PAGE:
July 27, 1998
In a move designed to substantially expand its corporate-sponsored clinical drug research, Johns Hopkins Medicine has signed a non-exclusive agreement with Quintiles Transnational Corp., the world's largest contract pharmaceutical organization (CPO).
Under the agreement, Quintiles will collaborate with Johns Hopkins on clinical research opportunities. Quintiles Transnational Corp., headquartered near Research Triangle Park, N.C., specializes in accelerating the healthcare product development and launch process from preclinical trials through marketing and sales.
CenterWatch Inc., a Boston-based company that monitors the clinical trial industry, projects that for 1998, there will be about 9,000 clinical studies involving as many as 45,000 individual grants coming from the pharmaceutical industry.
"This new partnership could greatly expand our access to important clinical drug trials, giving our patients access to newer and possibly better medications," said Bart Chernow, M.D., vice dean for research and technology.
Working with medical institutions like Hopkins enhances Quintiles' ability to improve and accelerate drug development because it can offer the drug companies access to top clinical investigators, Chernow says.
In this fiscal year, Hopkins has 496 ongoing clinical trials.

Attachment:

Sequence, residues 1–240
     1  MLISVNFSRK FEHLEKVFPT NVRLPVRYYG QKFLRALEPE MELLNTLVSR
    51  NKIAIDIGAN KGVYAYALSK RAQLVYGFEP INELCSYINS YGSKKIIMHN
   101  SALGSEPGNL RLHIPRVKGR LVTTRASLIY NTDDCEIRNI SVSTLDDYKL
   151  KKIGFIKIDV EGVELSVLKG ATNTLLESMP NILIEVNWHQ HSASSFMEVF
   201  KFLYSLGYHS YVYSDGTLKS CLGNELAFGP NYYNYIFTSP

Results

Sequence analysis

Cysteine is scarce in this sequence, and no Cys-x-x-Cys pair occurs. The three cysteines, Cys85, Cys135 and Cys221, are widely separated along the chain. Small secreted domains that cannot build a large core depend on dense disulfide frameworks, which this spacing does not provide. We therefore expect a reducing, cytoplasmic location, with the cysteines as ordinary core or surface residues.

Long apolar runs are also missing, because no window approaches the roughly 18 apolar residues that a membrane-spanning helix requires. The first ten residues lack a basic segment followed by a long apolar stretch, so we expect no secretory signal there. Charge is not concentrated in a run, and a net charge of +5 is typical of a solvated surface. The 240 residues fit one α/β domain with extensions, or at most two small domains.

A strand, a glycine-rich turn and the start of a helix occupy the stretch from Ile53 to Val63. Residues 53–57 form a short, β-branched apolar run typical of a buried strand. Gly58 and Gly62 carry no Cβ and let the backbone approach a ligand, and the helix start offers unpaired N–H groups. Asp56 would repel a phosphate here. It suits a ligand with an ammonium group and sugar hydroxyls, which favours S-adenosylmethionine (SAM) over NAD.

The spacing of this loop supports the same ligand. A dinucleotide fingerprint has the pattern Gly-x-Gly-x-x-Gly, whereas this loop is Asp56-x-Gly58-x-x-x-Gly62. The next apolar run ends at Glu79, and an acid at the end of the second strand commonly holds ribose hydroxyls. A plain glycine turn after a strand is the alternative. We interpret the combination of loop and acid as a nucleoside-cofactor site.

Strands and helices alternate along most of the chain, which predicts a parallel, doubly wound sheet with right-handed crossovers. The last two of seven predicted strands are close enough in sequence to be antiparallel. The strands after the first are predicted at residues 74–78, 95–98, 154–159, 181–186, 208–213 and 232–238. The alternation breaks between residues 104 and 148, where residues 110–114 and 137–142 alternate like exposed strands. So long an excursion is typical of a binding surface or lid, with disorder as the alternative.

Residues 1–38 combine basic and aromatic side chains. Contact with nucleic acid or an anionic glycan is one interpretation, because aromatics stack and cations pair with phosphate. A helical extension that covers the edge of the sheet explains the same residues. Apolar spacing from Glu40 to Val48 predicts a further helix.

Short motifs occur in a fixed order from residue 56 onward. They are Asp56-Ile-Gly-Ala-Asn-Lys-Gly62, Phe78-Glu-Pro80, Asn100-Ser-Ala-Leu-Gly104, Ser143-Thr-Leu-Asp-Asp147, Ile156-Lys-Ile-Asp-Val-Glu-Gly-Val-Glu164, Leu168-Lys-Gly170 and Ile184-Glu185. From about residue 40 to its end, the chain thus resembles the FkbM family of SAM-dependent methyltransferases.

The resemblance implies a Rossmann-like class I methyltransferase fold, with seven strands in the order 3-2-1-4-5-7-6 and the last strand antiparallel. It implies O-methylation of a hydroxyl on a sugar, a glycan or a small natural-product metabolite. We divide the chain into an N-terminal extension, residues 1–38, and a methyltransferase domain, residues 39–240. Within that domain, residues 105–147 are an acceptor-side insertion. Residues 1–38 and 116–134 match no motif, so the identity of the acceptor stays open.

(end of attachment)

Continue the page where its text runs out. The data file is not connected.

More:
"We anticipate that Quintiles would approach Hopkins regularly with clinical collaborative opportunities," Chernow says.
Anticipating an influx of new trials, Chernow has expanded a Hopkins Department of Medicine unit that coordinates clinical trials to include any School of Medicine departments appropriate to a Quintiles contract. The new Johns Hopkins Clinical Trials Unit will match a trial with all potential investigators, according to Unit director and endocrinologist Adrian Dobs, M.D. "This gives the drug industry an easier way to place its study and offers investigators a way to market their expertise in a coordinated and efficient way." In addition, the unit will provide other clinical trial research-related services to investigators. A master clinical trial agreement also in place with Quintiles will facilitate the start-up of studies.
Both Chernow and Dobs emphasize that every trial brought by Quintiles must pass Hopkins' rigorous ethical, institutional and scientific review process as well as have approval from the United States Food and Drug Administration.
Quintiles Transnational Corp., with 13,000 employees worldwide and offices in 28 countries, provides full-service contract research, sales and marketing, healthcare policy consulting and health information management services to the worldwide pharmaceutical, biotechnology, medical device and healthcare industries.
Quintiles Transnational Corp.
Pat Grebe (919)941-2000